Credit Bochy, too, for whatever he said to Santiago Casilla on the shortest mound visit in San Francisco Giants history in the seventh inning. It's a mistake to think that Bochy's not tough on his players simply because he's not up screaming like a loon all the time. He likely suggested that there was a bus ticket to Fresno waiting for Casilla if he couldn't throw strikes—immediately. Casilla responded and ended the inning.

It was a throwback Giants-Dodgers game, by the way. There's lots of talk about the rivalry, but it's long been a one-way deal. San Francisco area fans despise the Dodgers. But, Dodgers fans haven't wasted much energy hating on the Giants for years. That changed on Tuesday night.

Lincecum wasn't trying to hit Matt Kemp. Heck, the righty was so out of whack that he lost the grip on a curveball that slipped out of his hand and straight into the air. Still, Dodgers fans are sure Lincecum was trying to plunk Kemp.

Then, Bautista came in and had no idea where his fastball was going. But, welcome to the spotlight, um, Don Shaffer!

Shaffer was ejected for griping about a Bautista pitch that brushed Russell Martin back. Shaffer, who is the most unheralded bench coach in baseball, now has a claim to fame. He fanned the flames of the Giants-Dodgers rivalry (even the umpiring crew was baffled by Shaffer's outburst. The umps, obviously, had seen Bautista at work in the past).

Then, in the ninth, Bochy called Mattingly on the incredibly obscure rule regarding what constitutes a visit to the mound. Whether Broxton was in the process of imploding or not -- Dodgers fans and Mattingly himself were clearly upset with Bochy for pointing out that the Dodgers' acting chief did leave the mound and return to the mound.

Hey, if it's in the rule book it must be enforced. That, of course, doesn't explain why rookie home plate umpire Adrian Johnson clearly jogged out to tell Mattingly that he wasn't supposed to leave the mound and then return. Johnson was going to do Mattingly a solid—give him a heads-up. Bochy insisted they enforce the rule.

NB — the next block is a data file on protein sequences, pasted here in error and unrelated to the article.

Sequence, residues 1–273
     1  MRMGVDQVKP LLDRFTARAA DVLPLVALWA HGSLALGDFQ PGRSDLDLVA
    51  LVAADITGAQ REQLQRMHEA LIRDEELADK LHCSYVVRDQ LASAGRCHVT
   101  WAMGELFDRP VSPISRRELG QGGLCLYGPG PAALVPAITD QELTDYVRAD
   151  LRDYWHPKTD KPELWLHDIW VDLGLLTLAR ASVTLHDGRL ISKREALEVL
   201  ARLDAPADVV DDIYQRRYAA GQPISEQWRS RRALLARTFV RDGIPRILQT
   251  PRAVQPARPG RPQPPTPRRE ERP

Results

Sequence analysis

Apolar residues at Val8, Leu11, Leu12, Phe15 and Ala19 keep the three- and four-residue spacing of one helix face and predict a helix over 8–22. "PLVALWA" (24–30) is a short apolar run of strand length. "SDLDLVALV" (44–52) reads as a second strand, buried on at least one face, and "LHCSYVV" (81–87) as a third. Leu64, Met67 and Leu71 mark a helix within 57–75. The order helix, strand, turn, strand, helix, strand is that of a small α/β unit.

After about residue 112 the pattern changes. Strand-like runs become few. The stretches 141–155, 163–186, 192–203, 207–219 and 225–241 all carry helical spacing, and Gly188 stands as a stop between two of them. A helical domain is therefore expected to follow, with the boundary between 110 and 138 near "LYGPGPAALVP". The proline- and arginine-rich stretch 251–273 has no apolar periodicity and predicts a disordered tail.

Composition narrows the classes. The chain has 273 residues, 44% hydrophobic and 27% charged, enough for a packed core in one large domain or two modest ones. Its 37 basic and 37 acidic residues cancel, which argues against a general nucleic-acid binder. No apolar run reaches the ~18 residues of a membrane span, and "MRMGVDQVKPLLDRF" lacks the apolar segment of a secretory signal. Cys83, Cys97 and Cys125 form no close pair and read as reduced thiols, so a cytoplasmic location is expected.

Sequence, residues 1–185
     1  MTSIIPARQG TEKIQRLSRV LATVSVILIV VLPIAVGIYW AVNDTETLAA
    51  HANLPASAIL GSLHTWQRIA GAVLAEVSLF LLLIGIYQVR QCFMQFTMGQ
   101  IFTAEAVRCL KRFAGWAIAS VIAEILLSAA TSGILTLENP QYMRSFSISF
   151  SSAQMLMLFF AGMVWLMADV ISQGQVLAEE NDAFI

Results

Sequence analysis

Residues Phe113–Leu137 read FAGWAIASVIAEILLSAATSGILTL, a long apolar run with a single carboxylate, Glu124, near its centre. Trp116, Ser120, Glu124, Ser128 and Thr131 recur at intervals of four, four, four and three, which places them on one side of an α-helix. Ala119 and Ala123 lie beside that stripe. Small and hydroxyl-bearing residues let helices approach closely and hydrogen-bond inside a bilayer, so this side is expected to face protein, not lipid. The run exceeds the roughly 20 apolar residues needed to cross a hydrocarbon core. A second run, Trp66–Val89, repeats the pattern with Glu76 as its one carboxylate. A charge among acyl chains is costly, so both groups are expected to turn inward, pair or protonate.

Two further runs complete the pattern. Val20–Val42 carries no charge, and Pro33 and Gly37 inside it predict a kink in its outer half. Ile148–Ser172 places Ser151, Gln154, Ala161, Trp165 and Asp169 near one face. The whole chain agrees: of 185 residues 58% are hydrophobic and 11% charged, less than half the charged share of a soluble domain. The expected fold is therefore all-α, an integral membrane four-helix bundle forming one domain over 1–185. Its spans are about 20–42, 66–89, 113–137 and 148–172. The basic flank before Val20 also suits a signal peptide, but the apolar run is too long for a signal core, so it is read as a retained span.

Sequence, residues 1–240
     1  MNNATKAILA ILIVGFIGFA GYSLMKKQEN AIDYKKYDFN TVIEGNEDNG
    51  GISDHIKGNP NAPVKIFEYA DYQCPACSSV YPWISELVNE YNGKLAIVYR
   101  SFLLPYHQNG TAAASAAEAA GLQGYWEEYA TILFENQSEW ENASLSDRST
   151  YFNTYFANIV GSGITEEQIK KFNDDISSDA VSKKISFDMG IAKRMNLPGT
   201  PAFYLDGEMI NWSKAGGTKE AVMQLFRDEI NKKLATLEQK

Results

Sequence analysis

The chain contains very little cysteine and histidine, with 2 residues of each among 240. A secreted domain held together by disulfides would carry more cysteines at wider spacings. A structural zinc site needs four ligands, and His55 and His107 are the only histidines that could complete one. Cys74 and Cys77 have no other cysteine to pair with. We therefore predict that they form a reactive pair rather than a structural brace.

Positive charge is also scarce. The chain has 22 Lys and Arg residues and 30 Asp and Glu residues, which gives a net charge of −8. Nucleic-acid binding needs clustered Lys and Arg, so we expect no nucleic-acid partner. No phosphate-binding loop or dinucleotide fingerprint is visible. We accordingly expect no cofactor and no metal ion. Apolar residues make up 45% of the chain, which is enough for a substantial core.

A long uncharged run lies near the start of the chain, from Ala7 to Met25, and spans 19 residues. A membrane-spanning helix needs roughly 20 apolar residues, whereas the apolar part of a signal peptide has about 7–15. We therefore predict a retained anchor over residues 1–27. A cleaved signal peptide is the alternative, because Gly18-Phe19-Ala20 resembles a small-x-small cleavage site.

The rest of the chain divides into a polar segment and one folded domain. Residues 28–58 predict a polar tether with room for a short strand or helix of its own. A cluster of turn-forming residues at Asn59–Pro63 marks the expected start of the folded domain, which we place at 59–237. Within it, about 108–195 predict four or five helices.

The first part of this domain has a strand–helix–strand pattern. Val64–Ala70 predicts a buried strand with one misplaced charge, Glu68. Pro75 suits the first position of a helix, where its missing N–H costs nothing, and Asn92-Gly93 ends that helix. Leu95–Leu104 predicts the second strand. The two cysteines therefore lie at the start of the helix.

Credit the umpires, the guys who've just trashed the Giants the last couple of games, for making the call. You think anybody watching the game knew the rule so well that they'd have felt wronged if Broxton had been allowed to stay in the game?

Really?

By the bottom of the ninth inning, fans in Dodger Stadium were chanting, "Giants suck! Giants suck!" They've probably chanted it before, but...not very often. That type venom is reserved in L.A. for the St. Louis Cardinals and teams that have haunted the Dodgers lately.

For Giants fans who really haven't lived through the real Dodgers rivalry, didn't Jeremy Affeldt's return to 2009 form taste that much sweeter when it quieted the L.A. crowd?

The rivalry will continue heating up tonight because the Dodgers have lost six straight and spit Tuesday's game away. The Giants are sending Barry Zito to the mound and he's aware that, at some point, the issue of Kershaw purposely hitting Aaron Rowand will need to be addressed.

Who'd have expected this?

The Giants-Dodgers is suddenly a powder keg that could blow tonight and Bochy's in line for a great deal of credit after the type of victory that San Francisco fans might be recalling fondly in October.

Ted Sillanpaa is a Northern California sports writer and columnist. Reach Ted at tsillanpaa1956@gmail.com